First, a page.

Let the record reflect, on some fifteenth of May,
That a pachyderm
discovered his purpose that day.
He was minding his business, happy and
When he heard a faint noise from a speck that was wee.
Others said, "Fool! There's nothing possibly there!"
looked after the speck with great care.
He coddled it and kept it, secure
on soft clover.
For it was a tiny community of Whos Horton nobly
He didn't quite know how he'd adopted these folks—or
But he had to convince others of the Whos presence, or at least
In the jungle, the citizens treated Horton with derision.
in particular, felt she should make a decision.
She'd make an example of
this elephant freethinker.
She'd put a stop to his rantings, save minds
with which he'd tinker.
Especially the youngsters who'd surely believe
him—hook, line, and sinker.
On the speck, a Mayor fretted, knowing Who-ville was in danger.
The other Whos, however, didn't like this mood-changer.
The Whos lived in
happiness every day of their life.
They didn't take kindly to this boob
Both on speck and off, then, two troubled beings brooded.
and a Mayor, both of whom concluded,
That unless others accepted an
existence in there,
It could cause social aloofness or, at least,
All people are important, Horton championed the call.
person's a person, no matter how small.
So the two carried on, their burdens quite weighty,
unenlightened audience looked on, most born after 1980.
The once powerful
analogy of humanity—a mere speck,
Was now buried under a heap of
modern references and dreck.
As is typical with these dreaded big-studio adaptations,
Hears a Who! is the latest of these "progressive" aberrations.
animation is splendid, the rendering top notch,
But it's the content of
the affair that makes it a botch.
Older people, you'll find, know of Horton as a hero.
folks never heard of him once—that's right, zero.
But Horton, the
elephant, was twice put to use,
By a writer of children's books, the
beloved "Dr. Seuss."
Words were his paints, the page was his easel.
his specialty (though his real last name was Geisel).
admirable, to hear his stories I'd beg,
like this one, and that other time
when he'd hatched a bird's egg.
A role model of sorts, with a trunk and
And these particular stories have been favorites for years.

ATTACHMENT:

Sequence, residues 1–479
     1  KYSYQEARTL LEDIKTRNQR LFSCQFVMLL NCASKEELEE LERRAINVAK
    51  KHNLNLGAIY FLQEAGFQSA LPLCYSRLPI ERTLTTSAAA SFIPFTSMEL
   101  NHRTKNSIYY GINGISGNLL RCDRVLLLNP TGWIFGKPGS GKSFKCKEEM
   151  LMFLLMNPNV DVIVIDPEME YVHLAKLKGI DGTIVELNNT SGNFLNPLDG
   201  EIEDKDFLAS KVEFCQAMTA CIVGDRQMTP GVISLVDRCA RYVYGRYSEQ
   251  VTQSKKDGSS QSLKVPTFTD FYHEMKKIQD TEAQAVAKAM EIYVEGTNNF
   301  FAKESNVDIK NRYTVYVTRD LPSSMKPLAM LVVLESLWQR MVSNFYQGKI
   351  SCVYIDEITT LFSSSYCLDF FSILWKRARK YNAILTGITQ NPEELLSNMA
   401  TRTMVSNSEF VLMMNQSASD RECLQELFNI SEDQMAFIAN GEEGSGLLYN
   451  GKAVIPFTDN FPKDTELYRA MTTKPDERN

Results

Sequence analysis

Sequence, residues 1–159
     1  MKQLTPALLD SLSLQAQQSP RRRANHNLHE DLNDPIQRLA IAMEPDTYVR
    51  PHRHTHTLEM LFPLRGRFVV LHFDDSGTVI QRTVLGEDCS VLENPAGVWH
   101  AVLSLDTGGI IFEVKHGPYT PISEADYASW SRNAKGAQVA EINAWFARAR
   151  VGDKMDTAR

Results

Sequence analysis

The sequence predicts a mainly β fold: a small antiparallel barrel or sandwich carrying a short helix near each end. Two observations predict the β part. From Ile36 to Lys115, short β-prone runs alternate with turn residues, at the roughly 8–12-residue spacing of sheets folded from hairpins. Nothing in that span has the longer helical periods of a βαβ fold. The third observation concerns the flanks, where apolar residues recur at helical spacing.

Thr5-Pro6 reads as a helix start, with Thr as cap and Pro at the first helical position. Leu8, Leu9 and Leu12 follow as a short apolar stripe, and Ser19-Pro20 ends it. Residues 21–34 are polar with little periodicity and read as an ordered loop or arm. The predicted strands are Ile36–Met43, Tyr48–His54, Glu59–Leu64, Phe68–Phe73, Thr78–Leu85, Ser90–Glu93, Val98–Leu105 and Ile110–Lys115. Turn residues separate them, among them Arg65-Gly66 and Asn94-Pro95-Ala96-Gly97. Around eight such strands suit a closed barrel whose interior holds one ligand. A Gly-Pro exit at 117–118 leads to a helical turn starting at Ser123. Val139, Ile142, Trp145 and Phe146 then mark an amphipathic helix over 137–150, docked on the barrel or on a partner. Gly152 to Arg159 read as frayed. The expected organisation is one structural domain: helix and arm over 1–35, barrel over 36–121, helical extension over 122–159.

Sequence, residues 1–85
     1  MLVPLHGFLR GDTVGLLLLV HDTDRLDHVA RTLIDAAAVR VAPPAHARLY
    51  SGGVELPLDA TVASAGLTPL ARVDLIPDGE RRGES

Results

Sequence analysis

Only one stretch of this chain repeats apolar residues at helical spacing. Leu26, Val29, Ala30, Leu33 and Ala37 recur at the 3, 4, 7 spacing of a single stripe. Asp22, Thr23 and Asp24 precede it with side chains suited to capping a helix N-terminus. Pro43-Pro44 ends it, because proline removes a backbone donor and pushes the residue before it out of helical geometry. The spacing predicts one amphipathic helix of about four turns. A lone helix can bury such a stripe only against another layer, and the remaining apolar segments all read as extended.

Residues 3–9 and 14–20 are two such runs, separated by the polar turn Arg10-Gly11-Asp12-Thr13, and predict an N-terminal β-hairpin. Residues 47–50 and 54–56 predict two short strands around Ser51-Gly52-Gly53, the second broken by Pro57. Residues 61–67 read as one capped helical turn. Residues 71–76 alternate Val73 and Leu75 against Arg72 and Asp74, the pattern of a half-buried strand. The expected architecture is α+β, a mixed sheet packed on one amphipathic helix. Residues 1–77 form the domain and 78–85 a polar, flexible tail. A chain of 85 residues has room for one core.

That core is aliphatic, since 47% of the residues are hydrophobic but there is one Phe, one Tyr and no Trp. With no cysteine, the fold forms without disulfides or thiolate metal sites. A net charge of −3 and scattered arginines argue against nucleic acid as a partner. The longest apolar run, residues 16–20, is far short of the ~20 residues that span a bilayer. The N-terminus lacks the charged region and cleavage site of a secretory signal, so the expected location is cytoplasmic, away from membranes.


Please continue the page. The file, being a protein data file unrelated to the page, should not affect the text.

Seuss wrote rhythmic lessons using anapestic tetrameter like a
A complicated term that makes reading sound better, just so you
For fifty-three years he wrote books to delight us,
Forty-seven as Seuss, with his goal to unite us.
An artist and writer and man of conviction,
Seuss was reluctant to
license his work beyond his own fiction.
Even so, he agreed to some
A cartoonist himself who enjoyed fantastical
But this film is so full of hip and trendy new flair,
And the wannabe
Geisel's show they really don't care.
References to pop culture and
Have burdened the noble elephant to an irrelevant
Gone is the story of a brave and caring soul,
And in place of
its original heart, just a hole.
The voices are given by Jim Carrey and Steve Carell,
And they both
perform their inflective tasks reasonably well.
Out of place seems Seth
Rogen, his work usually adult-themed,
But, as a voice actor, he enjoys
himself, or so it seemed.
"But how does it look?" the courtroom implores,
And, finally, here's
where this disc earns high scores.
The image is stunning, the codec
The resolution is lifelike, take it from me.
Black levels are solid, the contrast well done,
The color's well
rendered, this is eye-candy fun.
But what will you hear when listen to Horton?
It's a great DTS
track all discs should be sportin'.
The HD Master Audio mix is most
From ambient sounds to a low-end that's aggressive.
Dialog and music is balanced and level,
Sonically, it's the stuff in which
Blu-ray fans revel.
Extra goodies abound, on the swelling single disc,
With a filmmaker's
commentary that's informative and brisk.
Eight featurettes are next, some
compelling, some droll,
Plus many more elements that, by the clock, take a
And don't forget the BD-exclusive here too,
picture-in-picture feature to watch alongside a real Who.
By the end of the disc, this courtroom must say,
Horton Hears a
Who is, well, just OK.
It's technically astute but narratively
And a verdict of "rent it" is this judge's best backing.
Court is adjourned without proclamation of guilt,
But, clearly, this
isn't of the world that Seuss built.